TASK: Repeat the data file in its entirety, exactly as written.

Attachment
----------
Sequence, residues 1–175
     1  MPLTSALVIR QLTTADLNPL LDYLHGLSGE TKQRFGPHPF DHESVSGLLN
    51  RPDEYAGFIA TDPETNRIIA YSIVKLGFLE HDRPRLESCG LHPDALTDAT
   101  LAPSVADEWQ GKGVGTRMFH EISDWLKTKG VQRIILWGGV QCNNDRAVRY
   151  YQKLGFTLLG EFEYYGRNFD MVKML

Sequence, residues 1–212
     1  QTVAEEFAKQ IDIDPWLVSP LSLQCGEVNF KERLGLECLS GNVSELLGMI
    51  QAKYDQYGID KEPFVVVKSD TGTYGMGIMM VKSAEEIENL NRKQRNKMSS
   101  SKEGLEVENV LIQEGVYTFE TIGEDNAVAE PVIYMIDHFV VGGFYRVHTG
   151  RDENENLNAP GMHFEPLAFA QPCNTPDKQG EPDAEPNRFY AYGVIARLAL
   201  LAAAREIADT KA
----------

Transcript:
Sequence, residues 1–175
     1  MPLTSALVIR QLTTADLNPL LDYLHGLSGE TKQRFGPHPF DHESVSGLLN
    51  RPDEYAGFIA TDPETNRIIA YSIVKLGFLE HDRPRLESCG LHPDALTDAT
   101  LAPSVADEWQ GKGVGTRMFH EISDWLKTKG VQRIILWGGV QCNNDRAVRY
   151  YQKLGFTLLG EFEYYGRNFD MVKML

Sequence, residues 1–212
     1  QTVAEEFAKQ IDIDPWLVSP LSLQCGEVNF KERLGLECLS GNVSELLGMI
    51  QAKYDQYGID KEPFVVVKSD TGTYGMGIMM VKSAEEIENL NRKQRNKMSS
   101  SKEGLEVENV LIQEGVYTFE TIGEDNAVAE PVIYMIDHFV VGGFYRVHTG
   151  RDENENLNAP GMHFEPLAFA QPCNTPDKQG EPDAEPNRFY AYGVIARLAL
   201  LAAAREIADT KA